I'm old enough to remember when the NFL went from 14 to 16 games, and some of the same arguments were made then and things turned out OK. That would happen again. I'm just good with the way things stand.

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  • Adam Rank
  • Sometimes more is better, but not here

I'm a supersize guy, which is no surprise by looking at me. Beverage refill? More chips and salsa? Twenty extra minutes to "Hot Tub Time Machine"? Yes, yes and, hell yes.

I'm not even opposed to 18 regular-season NFL games (keep in mind, the NHL's Bruins and Canucks had to play like 100 games this year; take your sad tales of a long season somewhere else, NFL players).

But the NFL is a bit misguided in its quest for more games. What NFL fans (for which I am one of) really want is cheaper ticket prices for preseason games. You could have six preseason games if you capped the price at $20 a ticket. NFL fans should not be forced to pay full price for games featuring less talented players.

The only flaw in that logic is that Bengals fans would want that $20 cap to extend to the regular season.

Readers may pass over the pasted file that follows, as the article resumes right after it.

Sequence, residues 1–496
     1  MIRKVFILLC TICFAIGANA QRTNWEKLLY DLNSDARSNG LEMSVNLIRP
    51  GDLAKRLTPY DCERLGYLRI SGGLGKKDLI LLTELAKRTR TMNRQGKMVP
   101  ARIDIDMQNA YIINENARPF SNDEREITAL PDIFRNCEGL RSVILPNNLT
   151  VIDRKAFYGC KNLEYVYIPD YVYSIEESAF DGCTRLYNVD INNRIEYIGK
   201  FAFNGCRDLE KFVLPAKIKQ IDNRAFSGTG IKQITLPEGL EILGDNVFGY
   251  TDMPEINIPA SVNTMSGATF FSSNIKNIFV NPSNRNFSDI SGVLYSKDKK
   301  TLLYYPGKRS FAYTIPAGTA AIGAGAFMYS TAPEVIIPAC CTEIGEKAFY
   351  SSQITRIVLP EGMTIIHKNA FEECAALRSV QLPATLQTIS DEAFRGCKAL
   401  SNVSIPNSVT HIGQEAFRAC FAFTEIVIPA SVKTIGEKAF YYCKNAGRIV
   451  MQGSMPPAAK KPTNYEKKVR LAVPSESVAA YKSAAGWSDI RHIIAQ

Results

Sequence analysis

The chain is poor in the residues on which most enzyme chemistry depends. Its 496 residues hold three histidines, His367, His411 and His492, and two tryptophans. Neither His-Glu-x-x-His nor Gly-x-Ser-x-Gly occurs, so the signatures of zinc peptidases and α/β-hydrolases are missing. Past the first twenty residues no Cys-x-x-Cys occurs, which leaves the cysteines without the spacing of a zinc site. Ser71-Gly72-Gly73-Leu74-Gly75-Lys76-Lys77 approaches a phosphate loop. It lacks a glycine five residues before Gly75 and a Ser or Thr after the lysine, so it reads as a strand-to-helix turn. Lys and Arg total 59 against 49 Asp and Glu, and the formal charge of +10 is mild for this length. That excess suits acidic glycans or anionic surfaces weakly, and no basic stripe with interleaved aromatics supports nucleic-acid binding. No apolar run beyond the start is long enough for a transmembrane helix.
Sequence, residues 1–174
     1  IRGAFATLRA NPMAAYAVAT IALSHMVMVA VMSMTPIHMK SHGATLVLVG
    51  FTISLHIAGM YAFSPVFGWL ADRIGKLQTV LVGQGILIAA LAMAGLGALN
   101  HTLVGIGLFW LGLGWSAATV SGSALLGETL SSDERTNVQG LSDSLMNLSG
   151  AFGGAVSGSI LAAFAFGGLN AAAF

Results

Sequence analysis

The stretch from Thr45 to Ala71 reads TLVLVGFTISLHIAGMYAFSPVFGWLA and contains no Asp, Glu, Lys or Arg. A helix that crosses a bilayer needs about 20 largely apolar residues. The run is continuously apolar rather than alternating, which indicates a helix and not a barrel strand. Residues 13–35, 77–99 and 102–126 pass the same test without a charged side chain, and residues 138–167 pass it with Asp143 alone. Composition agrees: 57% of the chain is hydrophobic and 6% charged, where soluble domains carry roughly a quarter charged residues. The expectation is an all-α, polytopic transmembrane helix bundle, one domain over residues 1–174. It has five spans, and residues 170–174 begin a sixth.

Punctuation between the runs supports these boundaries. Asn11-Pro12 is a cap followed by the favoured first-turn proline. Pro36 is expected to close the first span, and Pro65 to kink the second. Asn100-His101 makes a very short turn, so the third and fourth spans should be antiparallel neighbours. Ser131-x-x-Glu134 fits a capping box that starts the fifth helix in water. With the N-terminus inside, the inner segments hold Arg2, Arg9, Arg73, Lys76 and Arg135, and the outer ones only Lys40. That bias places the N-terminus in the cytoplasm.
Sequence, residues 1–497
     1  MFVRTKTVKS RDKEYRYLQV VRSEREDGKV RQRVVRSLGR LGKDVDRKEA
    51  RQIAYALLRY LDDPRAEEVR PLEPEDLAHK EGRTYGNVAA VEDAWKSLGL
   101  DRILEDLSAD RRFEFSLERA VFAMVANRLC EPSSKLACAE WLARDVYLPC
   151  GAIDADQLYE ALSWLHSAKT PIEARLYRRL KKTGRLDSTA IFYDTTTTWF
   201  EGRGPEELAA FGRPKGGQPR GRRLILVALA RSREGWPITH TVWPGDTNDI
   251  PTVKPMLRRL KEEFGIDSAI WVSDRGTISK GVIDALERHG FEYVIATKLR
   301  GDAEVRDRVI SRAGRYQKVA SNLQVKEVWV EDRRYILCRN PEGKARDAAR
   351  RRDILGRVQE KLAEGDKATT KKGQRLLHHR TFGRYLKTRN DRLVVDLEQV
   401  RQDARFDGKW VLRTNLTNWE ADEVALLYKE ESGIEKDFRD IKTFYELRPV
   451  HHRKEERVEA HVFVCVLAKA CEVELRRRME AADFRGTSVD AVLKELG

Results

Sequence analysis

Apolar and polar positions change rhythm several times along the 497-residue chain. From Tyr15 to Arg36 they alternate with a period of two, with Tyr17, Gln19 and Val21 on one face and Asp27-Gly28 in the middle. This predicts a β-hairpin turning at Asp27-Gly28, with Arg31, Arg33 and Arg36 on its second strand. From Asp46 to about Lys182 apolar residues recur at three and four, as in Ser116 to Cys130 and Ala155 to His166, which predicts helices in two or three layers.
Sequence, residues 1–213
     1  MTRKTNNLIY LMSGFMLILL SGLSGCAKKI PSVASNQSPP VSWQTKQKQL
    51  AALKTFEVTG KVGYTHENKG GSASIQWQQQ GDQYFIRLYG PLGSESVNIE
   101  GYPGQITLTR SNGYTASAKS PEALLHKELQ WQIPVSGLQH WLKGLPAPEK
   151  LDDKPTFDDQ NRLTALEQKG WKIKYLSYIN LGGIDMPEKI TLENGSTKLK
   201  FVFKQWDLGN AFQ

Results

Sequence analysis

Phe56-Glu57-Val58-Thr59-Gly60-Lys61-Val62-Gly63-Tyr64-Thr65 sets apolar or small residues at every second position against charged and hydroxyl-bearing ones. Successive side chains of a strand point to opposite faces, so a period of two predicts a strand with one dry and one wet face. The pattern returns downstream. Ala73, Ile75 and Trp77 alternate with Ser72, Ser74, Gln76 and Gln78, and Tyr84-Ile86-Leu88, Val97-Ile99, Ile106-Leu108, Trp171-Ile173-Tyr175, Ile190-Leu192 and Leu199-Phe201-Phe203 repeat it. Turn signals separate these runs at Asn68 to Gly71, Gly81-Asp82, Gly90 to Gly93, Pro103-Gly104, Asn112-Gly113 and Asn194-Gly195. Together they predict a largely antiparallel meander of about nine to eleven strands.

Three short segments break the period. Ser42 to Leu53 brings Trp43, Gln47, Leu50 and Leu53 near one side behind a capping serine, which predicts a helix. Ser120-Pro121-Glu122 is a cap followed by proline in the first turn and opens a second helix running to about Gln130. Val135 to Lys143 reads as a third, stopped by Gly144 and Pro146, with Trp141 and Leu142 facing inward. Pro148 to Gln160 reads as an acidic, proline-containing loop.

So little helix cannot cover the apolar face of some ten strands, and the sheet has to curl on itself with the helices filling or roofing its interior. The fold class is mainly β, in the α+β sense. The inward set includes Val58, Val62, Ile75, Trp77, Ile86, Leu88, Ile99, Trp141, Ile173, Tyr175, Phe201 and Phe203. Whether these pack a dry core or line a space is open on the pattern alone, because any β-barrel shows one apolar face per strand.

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  • Charles Davis NFL Network
  • Don't interrupt what has a good rhythm

I totally dislike the idea of an 18-game season. Despite my lack of scientific and empirical data, my gut tells me that the fans are not clamoring for more regular-season games. Would they accept more games? Sure, but the rhythm of the NFL season is a good one already, and the last thing that is needed is more games and more injuries to key players. Let's keep playing 16, and then bring on the playoffs!

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  • Bucky Brooks
  • Every week matters in 16 games

I don't like the notion of an 18-game schedule. That is too long for players and you will see the quality of play go down due to more injuries, etc. Also, the beauty of the 16-game season is the importance of each game on a team's playoff prospects. With only 12 postseason berths and a tight schedule, the NFL regular season has the kind of significance that makes everyone tune in on a weekly basis.